Today's mass-media monster provides the entertainment we'd hate to live without. Of course, the hype it produces can be over the top. Much in our culture is overrated. Examples? Oh... Andy Warhol. Seinfeld. The University of Michigan (spit).
However, some things don't get as much appreciation as they may deserve: George Harrison's Brainwashed CD. Apple cider and powdered donuts in the Fall (mmmm). NFL centers.
In my best Harry Kalas football voice (queue the trumpets of an NFL Films soundtrack): Steve Everitt was a center who was drafted by Bill Belichick of the Cleveland Browns in the first round of the NFL draft in 1993.
OK, OK, out of Michigan. In an early Monday Night Football game that year, vs. the San Francisco 49ers, Everitt caught the full attention of Pro Football Hall of Fame lineman Dan Dierdorf. Dierdorf (also from, uh, Michigan) gushed over the ability of Everitt to pull on screens and sweeps like an All-Pro guard. The future of Steve Everitt's career was so bright, he was actually getting some national 'run' as an offensive lineman.
Everitt's first three years in the league were with the Browns. His career lasted about seven seasons, with his last meaningful seasons in Philadelphia (he got cut as a 'cap casualty'- at one point, his salary was greater than the sum of Eagles quarterbacks Ty Detmer, Rodney Peete and Bobby Hoying). He was on the roster of the early stages of the Greatest Show on Turf St. Louis Rams in 2000 (with eventual Browns lineman Ryan Tucker), when injuries finally short-circuited his career.
The injury tally over his career included a dislocation of his right thumb at Michigan - Everitt compensated by snapping the ball with his left hand. During a game against Notre Dame, he broke his jaw. A plate and four screws were inserted to hold it in place. About a year later, he was having dinner with his parents when one of the screws came out. His father began telling people he had a screw loose. Once he reached the NFL, the injuries continued in a manner befitting a lineman: a broken foot; a sprained ankle; a sprained knee; a torn pectoral muscle; painful neck and back injuries which required post-career surgeries. In 2007, at age 37, he told the Baltimore Sun that "I'm still a kid at heart, though the rest of me is falling apart."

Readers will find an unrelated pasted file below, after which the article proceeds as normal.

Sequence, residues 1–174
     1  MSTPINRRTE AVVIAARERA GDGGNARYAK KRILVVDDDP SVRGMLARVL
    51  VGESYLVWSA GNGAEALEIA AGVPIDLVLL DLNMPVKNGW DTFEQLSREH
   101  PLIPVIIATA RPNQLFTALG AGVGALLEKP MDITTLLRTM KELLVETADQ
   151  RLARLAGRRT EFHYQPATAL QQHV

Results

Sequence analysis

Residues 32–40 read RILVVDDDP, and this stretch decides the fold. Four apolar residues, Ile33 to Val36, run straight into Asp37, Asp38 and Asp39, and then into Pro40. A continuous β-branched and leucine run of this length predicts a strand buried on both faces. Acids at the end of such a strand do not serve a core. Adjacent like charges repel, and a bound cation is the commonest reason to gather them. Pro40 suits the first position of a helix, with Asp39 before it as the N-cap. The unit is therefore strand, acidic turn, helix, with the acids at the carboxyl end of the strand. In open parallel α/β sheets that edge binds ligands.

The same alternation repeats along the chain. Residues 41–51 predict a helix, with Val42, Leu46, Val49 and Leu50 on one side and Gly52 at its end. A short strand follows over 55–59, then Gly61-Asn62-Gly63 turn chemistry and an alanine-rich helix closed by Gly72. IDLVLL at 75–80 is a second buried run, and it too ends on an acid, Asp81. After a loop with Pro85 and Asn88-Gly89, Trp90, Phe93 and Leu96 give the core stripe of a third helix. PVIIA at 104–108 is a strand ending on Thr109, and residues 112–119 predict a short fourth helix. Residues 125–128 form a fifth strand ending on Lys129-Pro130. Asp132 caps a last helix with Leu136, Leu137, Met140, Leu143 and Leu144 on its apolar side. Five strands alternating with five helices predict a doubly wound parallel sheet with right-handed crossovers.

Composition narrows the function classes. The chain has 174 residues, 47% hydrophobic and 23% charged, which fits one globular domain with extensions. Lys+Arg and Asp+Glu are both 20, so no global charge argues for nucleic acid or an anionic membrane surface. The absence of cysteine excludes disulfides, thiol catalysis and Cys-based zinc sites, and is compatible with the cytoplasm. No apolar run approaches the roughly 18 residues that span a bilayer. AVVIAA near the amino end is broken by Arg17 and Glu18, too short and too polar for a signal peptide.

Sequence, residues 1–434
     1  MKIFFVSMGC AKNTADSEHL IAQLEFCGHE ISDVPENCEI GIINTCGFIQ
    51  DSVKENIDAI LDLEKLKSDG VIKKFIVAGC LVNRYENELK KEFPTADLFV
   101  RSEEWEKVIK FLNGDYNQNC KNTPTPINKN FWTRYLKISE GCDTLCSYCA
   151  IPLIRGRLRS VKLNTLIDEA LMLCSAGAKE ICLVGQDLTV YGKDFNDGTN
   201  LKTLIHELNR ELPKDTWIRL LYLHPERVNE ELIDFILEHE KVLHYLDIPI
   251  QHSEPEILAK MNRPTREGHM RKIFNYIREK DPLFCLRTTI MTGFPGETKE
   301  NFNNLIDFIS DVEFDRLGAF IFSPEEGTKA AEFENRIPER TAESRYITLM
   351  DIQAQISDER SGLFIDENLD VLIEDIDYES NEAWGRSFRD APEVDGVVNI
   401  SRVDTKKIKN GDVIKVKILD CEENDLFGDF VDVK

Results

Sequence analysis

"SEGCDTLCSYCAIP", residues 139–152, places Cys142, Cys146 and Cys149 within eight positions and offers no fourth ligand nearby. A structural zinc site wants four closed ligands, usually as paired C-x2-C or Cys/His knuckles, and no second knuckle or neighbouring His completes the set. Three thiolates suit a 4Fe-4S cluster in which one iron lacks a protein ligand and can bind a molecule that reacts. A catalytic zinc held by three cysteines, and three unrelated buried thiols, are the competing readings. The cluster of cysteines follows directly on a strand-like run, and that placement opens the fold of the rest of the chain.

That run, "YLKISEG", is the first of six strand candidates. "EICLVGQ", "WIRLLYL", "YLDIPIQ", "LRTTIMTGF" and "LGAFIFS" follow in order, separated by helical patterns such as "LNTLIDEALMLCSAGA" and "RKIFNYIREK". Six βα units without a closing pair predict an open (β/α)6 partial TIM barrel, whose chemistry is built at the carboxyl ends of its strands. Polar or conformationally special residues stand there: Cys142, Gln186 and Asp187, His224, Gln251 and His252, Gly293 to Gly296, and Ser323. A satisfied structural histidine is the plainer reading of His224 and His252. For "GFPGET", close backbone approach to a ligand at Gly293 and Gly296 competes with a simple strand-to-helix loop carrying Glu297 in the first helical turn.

Cleveland fans loved the center's personality. A heavy metal buff who was known to skip showers and who seldom cut his hair, his non-football passion was drawing (his work was displayed at local art exhibitions, and his caricatures of Tommy Vardell and Vinny Testaverde were a hit among his teammates). But it was Everitt's personal habits that were legendary among fans and the team alike. When traveling with the team, he occasionally carried his belongings in a plastic trash bag. He almost always wore a white T-shirt and camouflage cargo pants, which he'd wash perhaps every two weeks or so. He'd scrape up leftovers from team meals into his pockets- or a gym bag. One day, a teammate put a dead fish in Everitt's locker. It took two days for the smell to become ripe enough to be suspiciously worse than his ordinary smells. The odor grew so overpowering until he was compelled to root through the locker and find the source.
Steve Everitt was one of the many Browns players who were swept up in the crazy emotions of Art Modell's move of the team to Baltimore. Everitt had bought a home near Cleveland in the fall of 1995, and he said that David Modell went out of his way to congratulate him. This was while the Modells were secretly plotting the move; Everitt has said that ever since, when he has shaken David Modell's hand, he has tried to break it.
The Browns' entire offensive line went to get tattoos together in 1995, and Everitt had a huge dagger tattooed down the length of his spine. It has been reported that the tattoo symbolizes the knife in the back administered to Cleveland by Art Modell.
After the final game before the move in 1995, a decisive victory over the Cincinnati Bengals, Everitt was one of the many Browns players who sprinted to the Dawg Pound to greet and thank the tearful fans amid the dismantling of the seats in the stadium.
Most Browns fans know the defining moment of Steve Everitt's football career- the day he wore a Cleveland Browns bandana as a Baltimore Raven during an exhibition game in 1996. According to Scene Magazine:
"It was my way to reach out to the fans," he says. "I felt like I didn't get a chance to say goodbye, so I hid the bandana in my bag and then put it on when I got on the field." The move instantly cemented his place in the hearts of Browns fans. "I got so many letters from Browns fans, some even sent money to help me pay for the ($5000) fine the NFL gave me."
Regarding that fine: Everitt was amused that in a letter, the league declared that the $5000 would come out of his Browns paycheck.
These days, Steve Everitt is known to participate in various charity golf events. He has coached some high school football near his home in the Florida keys (he grew up in Miami), and he has also worked on some art projects around the house with his wife, Amy. Again, from Scene Magazine:
He keeps in touch with his old teammates and makes his way back north on occasion (Amy hails from Youngstown). "The Browns have an untouchable fan base," he says. "If you could draw up a football stadium, the old stadium would be it. It was a great atmosphere to play in."
Thank you for reading. Next week: Blast From The Past: Doug Dieken (or "Holding, Number 73, Offense").
Many thanks to the unknown Browns fan who publicly shared this photo of Everitt. It was signed with a special message: